Question: Does a civil court have inherent powers “to correct its own mistakes”? [Bihar C.J. 1991, UP C.J. 1987] Find the answer only on Legal Bites. [Does a civil court have inherent powers “to correct its own mistakes”?] Answer Even otherwise and apart from the provisions of Section 151 C.P.C., every Court of record has got inherent powers… Read More »

Question: Does a civil court have inherent powers “to correct its own mistakes”? [Bihar C.J. 1991, UP C.J. 1987] Find the answer only on Legal Bites. [Does a civil court have inherent powers “to correct its own mistakes”?] Answer Even otherwise and apart from the provisions of Section 151 C.P.C., every Court of record has got inherent powers to correct its own mistakes. An order passed in a proceeding contrary to the law could be corrected by the same court after the discovery that...

Question: Does a civil court have inherent powers “to correct its own mistakes”? [Bihar C.J. 1991, UP C.J. 1987]

Find the answer only on Legal Bites. [Does a civil court have inherent powers “to correct its own mistakes”?]

Answer

Even otherwise and apart from the provisions of Section 151 C.P.C., every Court of record has got inherent powers to correct its own mistakes. An order passed in a proceeding contrary to the law could be corrected by the same court after the discovery that the order was passed by mistake of the court.

In the case of Jang Singh v. Briji Lal [[1964] 2 SCR 145, Justice Hidayatullah of Supreme Court of India said-

“There is no higher principle for the guidance of the Court than the one that no act of Court should harm a litigant and it is the bounden duty of Courts to see that if a person is harmed by a mistake of the Court he should be restored to the position he would have occupied but for that mistake. This is aptly summed up in the maxim ‘Acts us curiae neminem gravabit‘.”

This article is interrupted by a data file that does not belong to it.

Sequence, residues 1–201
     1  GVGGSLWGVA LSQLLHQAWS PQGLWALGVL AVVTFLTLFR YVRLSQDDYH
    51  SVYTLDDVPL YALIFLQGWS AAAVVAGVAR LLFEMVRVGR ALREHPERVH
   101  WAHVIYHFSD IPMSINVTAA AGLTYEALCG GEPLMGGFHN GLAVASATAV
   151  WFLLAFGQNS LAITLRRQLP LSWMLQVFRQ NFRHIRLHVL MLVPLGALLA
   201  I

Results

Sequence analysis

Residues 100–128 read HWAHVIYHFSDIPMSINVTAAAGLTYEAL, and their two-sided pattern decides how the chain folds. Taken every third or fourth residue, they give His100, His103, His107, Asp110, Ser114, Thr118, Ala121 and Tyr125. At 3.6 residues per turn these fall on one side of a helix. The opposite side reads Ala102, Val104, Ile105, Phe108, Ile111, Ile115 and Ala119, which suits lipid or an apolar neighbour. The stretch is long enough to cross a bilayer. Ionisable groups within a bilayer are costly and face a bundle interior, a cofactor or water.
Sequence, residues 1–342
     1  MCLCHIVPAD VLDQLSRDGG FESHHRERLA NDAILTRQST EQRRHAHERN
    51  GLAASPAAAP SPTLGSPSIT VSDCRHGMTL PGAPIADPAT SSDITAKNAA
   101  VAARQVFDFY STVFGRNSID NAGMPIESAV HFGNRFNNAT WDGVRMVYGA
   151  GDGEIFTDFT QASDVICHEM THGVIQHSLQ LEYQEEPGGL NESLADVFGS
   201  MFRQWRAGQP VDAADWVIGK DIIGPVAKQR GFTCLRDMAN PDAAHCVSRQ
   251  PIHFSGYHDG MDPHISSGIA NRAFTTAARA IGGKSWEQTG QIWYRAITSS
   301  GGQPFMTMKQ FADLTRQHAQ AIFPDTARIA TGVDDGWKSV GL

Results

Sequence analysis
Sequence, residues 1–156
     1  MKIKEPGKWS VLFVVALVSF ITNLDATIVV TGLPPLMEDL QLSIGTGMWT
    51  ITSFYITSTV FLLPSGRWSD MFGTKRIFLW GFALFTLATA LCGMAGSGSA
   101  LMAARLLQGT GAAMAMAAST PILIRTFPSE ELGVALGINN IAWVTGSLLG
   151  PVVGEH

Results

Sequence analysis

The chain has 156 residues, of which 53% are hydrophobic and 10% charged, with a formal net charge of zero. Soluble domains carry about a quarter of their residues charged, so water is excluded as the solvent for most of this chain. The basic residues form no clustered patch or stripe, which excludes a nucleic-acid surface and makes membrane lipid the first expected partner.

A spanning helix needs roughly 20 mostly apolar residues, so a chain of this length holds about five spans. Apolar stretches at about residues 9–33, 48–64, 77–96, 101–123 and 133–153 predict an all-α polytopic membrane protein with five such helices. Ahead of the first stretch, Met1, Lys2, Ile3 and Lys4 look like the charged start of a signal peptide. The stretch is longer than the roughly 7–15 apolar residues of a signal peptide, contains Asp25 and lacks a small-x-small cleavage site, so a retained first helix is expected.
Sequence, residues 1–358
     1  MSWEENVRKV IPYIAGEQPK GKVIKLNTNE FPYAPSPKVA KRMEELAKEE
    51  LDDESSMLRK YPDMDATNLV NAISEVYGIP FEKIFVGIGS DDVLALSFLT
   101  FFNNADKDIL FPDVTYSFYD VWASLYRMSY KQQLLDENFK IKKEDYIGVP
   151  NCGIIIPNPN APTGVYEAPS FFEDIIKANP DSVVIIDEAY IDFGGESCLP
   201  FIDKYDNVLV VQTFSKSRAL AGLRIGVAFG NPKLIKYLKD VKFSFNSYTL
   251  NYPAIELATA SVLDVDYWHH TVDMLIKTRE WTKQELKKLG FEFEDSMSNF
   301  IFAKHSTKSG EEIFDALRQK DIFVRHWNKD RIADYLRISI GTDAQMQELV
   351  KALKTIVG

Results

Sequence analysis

For a Court that desires to do justice by correcting its own mistakes, it is not always necessary that the order to be corrected must be a nullity and it was so found by a Division Bench of Allahabad High Court in the case of Sita Ram Sahu v. Kedarnath Sahu [AIR 1957 All 825]. The relevant observation is:

“A Court has got jurisdiction to recall an order which it has made earlier in the suit. A Court always has power to recall order which has the effect of perpetrating an injustice on a party. It is open to the Court to reconsider its order refusing to grant further time to the plaintiff to make good the deficiency which was made on the assumption that the plaintiff’s illness was not genuine. It can recall its order when it is found that that order had been made in the absence of materials on the record, materials which were subsequently put before the Court. Once then the order rejecting the plaint automatically fall”

The Division Bench of the Allahabad High Court in the case of Jodha Singh v. Pandey Gokaram Das (AIR 1925 All 622) where it was held:—

“That the order of the Court was wrong and that the court was right in setting it aside when the mistake was brought to its notice by the party.”

Thus, we can safely say that a civil court has the inherent powers “to correct its own mistakes”.


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Updated On 2022-04-08T05:00:32+05:30
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